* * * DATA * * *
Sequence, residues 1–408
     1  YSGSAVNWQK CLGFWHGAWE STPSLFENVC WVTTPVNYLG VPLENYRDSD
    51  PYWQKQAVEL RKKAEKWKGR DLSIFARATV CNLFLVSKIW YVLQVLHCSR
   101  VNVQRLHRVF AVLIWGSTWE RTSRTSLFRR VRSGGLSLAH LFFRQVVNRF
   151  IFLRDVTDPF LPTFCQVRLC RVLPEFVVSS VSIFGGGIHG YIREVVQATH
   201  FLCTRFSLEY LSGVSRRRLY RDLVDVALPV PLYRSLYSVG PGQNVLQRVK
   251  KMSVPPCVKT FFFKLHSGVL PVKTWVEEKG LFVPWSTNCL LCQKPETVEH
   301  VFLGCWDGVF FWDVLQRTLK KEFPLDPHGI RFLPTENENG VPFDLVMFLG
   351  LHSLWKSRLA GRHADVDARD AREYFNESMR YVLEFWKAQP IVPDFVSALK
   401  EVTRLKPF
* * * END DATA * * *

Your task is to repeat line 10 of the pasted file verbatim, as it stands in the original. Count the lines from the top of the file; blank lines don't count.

   401  EVTRLKPF